Although the firm was founded by Johannes van Keulen, he was primarily a publisher; it was his son, Gerard, a talented engraver, mathematician, Hydrographer to the East India Company, who became mainspring of the business which not only published charts but also books on every aspect of geograpy, navigation and nautical matters,
(Moreland and Bannister)
It was grandson Johannes van Keulen (II) who in 1753 produced Volume VI of the Zee-Fakkel for the VOC East Indiamen, containing printed charts for the navigation covering the waters from the Cape of Good Hope to Nagasaki . The atlas was not commercially sold and only for use on board of VOC ships, therefore it is also refered to as the 'secret atlas' odf the VOC. The engraving quality and craftmanship surpasses that of all earlier printed sea charts.
Sea charts from the secret atlas are among the rarest and most desirable sea charts for collectors.
Willem Hesselsz de Vlamingh (November 1640 – c. 1698) was a Dutch sea captain who explored the central west coast of New Holland (Australia) in the late 17th century, where he landed in what is now Perth on the Swan River. The mission proved fruitless, but he charted parts of the continent's western coast.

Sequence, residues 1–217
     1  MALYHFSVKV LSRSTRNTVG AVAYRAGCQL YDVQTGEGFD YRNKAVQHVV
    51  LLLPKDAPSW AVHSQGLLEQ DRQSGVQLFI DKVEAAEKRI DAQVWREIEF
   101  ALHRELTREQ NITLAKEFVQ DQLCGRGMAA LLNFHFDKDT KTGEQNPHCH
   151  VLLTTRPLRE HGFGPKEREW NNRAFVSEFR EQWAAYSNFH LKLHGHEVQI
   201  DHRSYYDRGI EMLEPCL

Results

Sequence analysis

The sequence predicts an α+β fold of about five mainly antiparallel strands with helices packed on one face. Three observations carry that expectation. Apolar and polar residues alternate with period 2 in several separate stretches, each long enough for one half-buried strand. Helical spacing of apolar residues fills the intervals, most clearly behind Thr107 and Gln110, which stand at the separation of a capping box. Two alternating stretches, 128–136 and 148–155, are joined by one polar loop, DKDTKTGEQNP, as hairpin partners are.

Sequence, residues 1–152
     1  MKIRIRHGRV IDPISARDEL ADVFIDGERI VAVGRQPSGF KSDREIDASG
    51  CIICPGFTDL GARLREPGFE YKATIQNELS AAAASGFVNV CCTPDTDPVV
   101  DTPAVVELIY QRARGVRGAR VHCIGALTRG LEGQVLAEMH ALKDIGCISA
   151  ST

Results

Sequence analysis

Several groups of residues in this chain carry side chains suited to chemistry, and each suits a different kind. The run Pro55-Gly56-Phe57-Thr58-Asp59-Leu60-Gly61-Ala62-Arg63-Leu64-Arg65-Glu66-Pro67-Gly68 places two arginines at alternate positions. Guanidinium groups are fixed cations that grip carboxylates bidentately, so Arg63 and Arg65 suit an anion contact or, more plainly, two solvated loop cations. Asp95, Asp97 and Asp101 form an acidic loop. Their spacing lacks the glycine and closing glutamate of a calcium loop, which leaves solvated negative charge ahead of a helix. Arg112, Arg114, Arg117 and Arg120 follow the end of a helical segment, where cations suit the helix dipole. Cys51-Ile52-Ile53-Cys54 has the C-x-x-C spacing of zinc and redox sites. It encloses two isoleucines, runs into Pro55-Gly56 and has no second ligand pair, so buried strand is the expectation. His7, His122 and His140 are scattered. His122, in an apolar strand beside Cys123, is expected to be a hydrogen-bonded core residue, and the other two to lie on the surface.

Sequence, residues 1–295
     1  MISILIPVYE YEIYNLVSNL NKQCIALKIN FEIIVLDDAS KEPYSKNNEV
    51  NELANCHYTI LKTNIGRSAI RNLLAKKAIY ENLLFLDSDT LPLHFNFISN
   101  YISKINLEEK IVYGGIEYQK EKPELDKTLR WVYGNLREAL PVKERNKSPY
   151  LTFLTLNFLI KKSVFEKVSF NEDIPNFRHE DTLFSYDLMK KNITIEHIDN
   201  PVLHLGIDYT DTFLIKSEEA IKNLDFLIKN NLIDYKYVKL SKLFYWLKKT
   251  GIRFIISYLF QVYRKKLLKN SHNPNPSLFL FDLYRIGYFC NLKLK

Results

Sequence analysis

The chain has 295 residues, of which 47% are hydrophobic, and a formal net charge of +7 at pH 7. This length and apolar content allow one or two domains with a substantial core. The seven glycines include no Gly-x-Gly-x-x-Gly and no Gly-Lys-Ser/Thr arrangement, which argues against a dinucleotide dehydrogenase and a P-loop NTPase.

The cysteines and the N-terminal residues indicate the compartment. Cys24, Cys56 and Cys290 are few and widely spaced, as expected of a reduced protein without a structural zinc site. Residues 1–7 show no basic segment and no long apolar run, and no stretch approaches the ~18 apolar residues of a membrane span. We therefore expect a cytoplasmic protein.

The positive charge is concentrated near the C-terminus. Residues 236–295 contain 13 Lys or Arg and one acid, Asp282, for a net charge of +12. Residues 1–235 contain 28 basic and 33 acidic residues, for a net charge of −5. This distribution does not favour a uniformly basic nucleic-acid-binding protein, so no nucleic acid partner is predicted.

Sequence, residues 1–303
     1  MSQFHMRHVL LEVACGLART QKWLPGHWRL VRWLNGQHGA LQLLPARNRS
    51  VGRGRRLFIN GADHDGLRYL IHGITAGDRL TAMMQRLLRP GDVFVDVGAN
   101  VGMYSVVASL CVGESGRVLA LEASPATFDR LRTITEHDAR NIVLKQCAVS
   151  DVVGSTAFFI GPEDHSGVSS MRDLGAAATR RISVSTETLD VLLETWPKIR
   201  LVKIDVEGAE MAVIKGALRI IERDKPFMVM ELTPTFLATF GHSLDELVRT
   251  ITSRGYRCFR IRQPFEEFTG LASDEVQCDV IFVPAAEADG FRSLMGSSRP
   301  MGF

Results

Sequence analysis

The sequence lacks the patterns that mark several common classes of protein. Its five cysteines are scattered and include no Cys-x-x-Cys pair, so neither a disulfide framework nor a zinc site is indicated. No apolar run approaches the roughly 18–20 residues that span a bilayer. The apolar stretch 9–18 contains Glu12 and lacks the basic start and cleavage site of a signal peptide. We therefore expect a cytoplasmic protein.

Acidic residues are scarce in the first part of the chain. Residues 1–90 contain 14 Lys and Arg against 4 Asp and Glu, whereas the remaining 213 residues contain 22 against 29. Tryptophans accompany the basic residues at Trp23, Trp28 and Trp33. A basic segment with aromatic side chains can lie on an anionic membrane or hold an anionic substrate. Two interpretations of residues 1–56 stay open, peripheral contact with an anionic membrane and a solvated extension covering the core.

Willem de Vlamingh was born in Oost-Vlieland in the Dutch Republic. He was baptised on 28 November 1640. In 1664, de Vlamingh sailed to Novaya Zemlya and discovered Jelmerland. In 1668, he married; his profession was skipper in whaling, and he still lived on the island Vlieland. In 1687, he and his wife sold their "apartment" in the Jordaan.
De Vlamingh joined the Dutch East India Company (VOC) in 1688, and made his first voyage to Batavia in the same year. Following a second voyage, in 1694, he was asked, on request of Nicolaes Witsen, to mount an expedition to search for the Ridderschap van Holland, a VOC capital ship that was lost with 325 passengers and crew on its way to Batavia in 1694. VOC officials believed it might have run aground on the western coast of Australia.